When you’re talking about digital information, the line between using public resources for official and unofficial purposes can get awfully blurry. A note out today from the Washington Legislative Ethics Board:
If you have a personal smart hone, tablet, iPad or similar device commoni referred to as a PDA, and you use your PDA to connect both to the legislative e-mail system and non-legislative e-mail, please pay attention to this message.
Recently, some legislators have inadvertently sent carnpaignrelated or personal messages from their PDA, only to learn later that the message was sent from their “leg.Wa.gov” address. Use of the legislative network to assist a campaign, to support or oppose a ballot measure, or for most non-legislative purposes is a violation ofthe Ethics in Public Service Act. How do you avoid this? in this situation you must pay careful attention to which e-mail address mail is being sent from and you must use a campaign or personal e-mail address for campaign-related business. To be safe, you should probably set the campaign or personal e-mail account, not the legislative account, as the default or account for sending of e-mail. That Will help avoid inadvertent use of the legislative e-mail address and servers’.
The Legislative Service Center (LSC 360.786.7000) will assist legislators with setting up legislative on a PDA and establishing appropriate default settings, but it is each individual’s responsibility to not use legislative facilities for campaign or inappropriate personal purposes.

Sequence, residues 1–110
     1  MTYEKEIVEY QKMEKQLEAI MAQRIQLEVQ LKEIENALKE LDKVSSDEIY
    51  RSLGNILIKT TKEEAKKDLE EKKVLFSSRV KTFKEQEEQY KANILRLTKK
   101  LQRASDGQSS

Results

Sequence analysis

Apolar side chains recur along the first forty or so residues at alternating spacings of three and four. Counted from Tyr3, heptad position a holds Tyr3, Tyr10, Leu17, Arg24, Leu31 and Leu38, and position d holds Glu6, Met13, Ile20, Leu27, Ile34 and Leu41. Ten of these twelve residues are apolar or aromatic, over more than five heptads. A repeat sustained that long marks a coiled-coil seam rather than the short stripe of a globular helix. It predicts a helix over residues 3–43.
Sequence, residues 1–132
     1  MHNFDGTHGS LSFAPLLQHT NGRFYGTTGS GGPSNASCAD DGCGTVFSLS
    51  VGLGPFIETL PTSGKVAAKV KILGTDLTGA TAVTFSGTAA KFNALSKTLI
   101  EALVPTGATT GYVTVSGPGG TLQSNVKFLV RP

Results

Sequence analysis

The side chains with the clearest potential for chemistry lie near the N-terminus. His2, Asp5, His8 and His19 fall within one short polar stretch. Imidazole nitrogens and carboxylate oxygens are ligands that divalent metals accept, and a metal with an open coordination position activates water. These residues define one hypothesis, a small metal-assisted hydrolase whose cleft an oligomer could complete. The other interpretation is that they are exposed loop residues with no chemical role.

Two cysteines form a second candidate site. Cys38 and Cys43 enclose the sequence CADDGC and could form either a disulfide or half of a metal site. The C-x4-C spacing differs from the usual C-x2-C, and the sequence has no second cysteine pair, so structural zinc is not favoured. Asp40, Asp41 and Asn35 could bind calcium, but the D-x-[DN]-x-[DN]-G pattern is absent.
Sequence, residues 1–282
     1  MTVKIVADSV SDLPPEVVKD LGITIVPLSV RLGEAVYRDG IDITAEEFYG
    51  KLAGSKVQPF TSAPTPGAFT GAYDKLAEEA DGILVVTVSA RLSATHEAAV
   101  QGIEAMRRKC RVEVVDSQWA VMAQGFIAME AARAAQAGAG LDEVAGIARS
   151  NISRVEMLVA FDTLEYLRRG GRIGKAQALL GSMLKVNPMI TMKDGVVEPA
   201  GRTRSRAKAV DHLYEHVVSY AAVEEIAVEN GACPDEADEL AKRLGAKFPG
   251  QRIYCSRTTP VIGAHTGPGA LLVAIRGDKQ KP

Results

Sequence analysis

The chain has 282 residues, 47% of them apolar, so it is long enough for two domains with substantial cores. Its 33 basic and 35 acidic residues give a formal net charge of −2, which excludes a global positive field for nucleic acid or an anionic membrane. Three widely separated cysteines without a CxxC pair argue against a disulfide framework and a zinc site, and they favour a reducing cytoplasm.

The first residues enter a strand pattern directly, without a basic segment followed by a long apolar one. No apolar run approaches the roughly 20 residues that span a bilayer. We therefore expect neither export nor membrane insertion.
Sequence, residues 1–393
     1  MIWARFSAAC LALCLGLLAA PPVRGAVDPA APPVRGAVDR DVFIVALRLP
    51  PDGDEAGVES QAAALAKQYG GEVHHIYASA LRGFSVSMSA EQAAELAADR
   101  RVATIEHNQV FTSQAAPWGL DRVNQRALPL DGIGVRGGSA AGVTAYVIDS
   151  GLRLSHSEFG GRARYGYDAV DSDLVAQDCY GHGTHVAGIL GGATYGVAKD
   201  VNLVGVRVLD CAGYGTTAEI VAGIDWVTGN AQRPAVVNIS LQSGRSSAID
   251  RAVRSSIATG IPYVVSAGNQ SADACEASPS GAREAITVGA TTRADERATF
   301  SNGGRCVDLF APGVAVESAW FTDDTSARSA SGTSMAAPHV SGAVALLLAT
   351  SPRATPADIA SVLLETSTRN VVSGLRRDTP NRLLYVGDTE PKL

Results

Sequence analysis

In addition, if you are using a PDA that was purchased with public resources, it is treated the same as your legislative computer, laptop, phone, etc. – it is a violation ofthe Ethics Act to use any public resource for political campaigns.
The use of the internet as a communications medium can have unintended consequences. Whether through a YouTube video, a tweet on Twitter, or a Facebook posting, such communications can reach audiences While posted and also have a potentially unlimited life. Literally anyone in the World With access to the Internet can access such communications long after the time they were intended to be available.
In a recent case, a legislator asked for his YouTube video to be removed upon learning there Were ethical concerns about his use of public resources in the production of the video. However, materials on the Internet are generally cached and, are diflicult if not impossible to eliminate completely. Although the video in question should never have involved the use ofpublic resources in the Hrst place, its placement on YouTube prolonged the life of the Clear, visual representation ofthe use of public resources for campaign purposes and may, far into the future, reHect upon the ethics of the Legislature as a whole.Share on Facebook